The chase ends with Mutt and Indy losing control of the motorcycle in the campus library. A student asks Dr. Jones about an issue he's having with his assignment, and he recommends a different author to the student saying that he spent most of his life in the field. He tells the student, "If you want to be a good archaeologist, you gotta get out of the library." This is a callback to "Indiana Jones and the Last Crusade" when he tells his students, "70% of all archaeology is done in the library."


Harrison Ford as War Hero Indiana Jones in Kingdom of the Crystal Skull

Within the universe of the films, we last saw Indiana Jones in 1938 for "The Last Crusade." "Kingdom of the Crystal Skull" picks up 19 years later in 1957, so audiences were going to wonder just what Dr. Jones has been up to this whole time. World War II began the year after "Indiana Jones and the Last Crusade" takes place, and Indy was already well known for being a warrior against the nazis, so it only makes sense for the character that he enlisted to take down the Fuhrer.

When he's being interrogated by the C.I.A. after his friend and fellow soldier Mac is revealed to be a spy, his former superior officer arrives to vouch for him. The C.I.A. agents tell them that Indy's association with a spy brings all of his activities into question, including those during the war, and Indy's superior officer becomes upset, asking if they have any idea how many medals Indy won for serving his country. The backstory of joining the war fits with the character, but knowing the kind of man Indy is, it's no surprise that he was a medal-winning war hero.


Soviet Irina Spalko and Indiana Jones in Kingdom of the Crystal Skull

"Indiana Jones and the Kingdom of the Crystal Skull" takes placed during the height of the Cold War, so Indy has moved on from fighting the nazis to America's next great authoritarian anti-American enemy, the Soviets. The main leader of the Soviets that Indy faces off against is Irina Spalko, who introduces herself by saying that she knows things before anyone else does, and proceeds to attempt to read Indy's mind.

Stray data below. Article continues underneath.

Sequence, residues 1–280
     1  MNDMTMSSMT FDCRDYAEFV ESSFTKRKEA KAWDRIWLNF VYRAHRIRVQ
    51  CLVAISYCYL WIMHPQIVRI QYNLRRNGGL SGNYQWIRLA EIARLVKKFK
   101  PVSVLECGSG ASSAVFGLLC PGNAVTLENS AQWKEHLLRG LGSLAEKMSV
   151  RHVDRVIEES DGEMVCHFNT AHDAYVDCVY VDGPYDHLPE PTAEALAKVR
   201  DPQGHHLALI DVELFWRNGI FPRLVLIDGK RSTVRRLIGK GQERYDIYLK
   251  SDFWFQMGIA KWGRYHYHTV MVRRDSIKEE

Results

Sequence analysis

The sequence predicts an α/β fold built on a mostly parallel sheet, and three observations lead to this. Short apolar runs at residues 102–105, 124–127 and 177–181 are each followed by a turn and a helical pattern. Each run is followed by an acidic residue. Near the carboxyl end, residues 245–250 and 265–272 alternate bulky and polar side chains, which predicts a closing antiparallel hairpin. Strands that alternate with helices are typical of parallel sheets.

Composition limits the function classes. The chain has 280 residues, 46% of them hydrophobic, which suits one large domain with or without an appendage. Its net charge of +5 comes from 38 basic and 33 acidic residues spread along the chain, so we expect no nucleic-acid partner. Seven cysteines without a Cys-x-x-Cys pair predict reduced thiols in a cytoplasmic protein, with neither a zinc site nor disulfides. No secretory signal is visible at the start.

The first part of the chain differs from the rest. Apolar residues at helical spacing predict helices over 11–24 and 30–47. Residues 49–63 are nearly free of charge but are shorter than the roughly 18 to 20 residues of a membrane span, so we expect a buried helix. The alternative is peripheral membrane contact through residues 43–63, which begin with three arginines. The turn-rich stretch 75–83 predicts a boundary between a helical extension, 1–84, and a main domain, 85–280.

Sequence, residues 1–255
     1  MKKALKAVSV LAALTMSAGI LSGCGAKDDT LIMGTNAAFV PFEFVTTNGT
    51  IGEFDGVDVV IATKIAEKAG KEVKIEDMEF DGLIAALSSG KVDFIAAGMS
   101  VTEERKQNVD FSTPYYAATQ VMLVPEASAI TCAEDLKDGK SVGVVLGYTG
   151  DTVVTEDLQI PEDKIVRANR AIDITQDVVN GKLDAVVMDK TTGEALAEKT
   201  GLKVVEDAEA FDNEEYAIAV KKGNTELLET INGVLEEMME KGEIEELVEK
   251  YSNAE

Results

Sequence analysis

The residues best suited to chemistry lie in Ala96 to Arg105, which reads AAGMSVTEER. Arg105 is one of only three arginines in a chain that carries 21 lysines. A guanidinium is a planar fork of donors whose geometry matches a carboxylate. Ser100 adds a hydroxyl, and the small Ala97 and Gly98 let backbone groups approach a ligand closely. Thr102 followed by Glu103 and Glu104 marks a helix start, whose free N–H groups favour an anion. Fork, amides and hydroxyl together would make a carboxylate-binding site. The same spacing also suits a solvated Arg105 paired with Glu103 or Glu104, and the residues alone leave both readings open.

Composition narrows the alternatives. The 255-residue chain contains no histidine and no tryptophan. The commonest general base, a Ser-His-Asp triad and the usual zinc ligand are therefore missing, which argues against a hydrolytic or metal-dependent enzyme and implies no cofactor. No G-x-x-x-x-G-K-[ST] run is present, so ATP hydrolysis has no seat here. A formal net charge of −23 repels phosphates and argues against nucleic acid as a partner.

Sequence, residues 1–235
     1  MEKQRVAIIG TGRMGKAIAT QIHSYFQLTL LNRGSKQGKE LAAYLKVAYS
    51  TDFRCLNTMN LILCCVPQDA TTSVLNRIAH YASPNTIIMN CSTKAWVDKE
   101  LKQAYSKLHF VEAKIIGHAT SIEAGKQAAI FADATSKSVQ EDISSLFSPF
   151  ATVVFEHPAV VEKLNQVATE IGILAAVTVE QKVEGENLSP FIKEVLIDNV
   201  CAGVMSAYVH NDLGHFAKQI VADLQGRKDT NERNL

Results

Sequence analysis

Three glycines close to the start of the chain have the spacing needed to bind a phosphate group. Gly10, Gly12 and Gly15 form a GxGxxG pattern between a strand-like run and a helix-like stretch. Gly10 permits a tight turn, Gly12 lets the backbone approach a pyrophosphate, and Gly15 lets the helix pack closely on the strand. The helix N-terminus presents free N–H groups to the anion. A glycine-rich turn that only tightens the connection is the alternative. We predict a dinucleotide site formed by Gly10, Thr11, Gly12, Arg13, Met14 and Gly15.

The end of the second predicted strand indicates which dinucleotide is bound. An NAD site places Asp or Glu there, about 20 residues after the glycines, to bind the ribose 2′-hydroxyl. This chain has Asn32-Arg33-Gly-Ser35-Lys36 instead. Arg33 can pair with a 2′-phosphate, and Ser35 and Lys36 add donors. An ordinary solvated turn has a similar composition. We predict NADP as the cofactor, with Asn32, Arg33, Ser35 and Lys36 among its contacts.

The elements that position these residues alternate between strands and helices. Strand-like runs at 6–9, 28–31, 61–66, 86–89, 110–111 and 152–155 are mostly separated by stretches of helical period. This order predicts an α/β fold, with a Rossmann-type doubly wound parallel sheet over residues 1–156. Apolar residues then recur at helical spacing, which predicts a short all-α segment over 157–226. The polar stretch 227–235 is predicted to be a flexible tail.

This might seem silly at first, but it also has a basis in historical fact. During the Cold War, both the U.S. and Soviets studied paranormal powers to gain an advantage over the enemy. The Soviets reportedly performed experiments in an attempt to induce these powers in volunteers, with a focus on mind control, telepathy and the ability to move physical objects with one's mind. Although very little comes of these abilities in the movie, some believe to this day that the Soviets had limited success with their experiments.


Pyramid of El Dorado in Indiana Jones and the Kingdom of the Crystal Skull

The final act of the movie takes place in the lost city of gold, El Dorado. Indy and the gang are again chased by the Mayan guardians of the skull, but when they see that Indy's group is already carry the skull, they bow down and allow the group to proceed to the pyramid. The pyramid itself represents the last puzzle that they must solve to find the resting place of the 13 crystal skulls, and lucky for them, Professor Oxley has already figured it out.

Inside, they rush down a rapidly receding set of platforms and through rooms of treasure to get to the throne room of the crystal skulls. Everything about it feels like an "Indiana Jones" movie, until moments later when the aliens and the spaceship show up. If a person were to walk out of the room at the right times during "Indiana Jones and the Kingdom of the Crystal Skull," they would likely think it was a pretty great movie, because other than a few rough spots, it really is!

What was your favorite part of "Indiana Jones and the Kingdom of the Crystal Skull?" Think the film had any redeeming qualities? Be sure to tell us in the comments!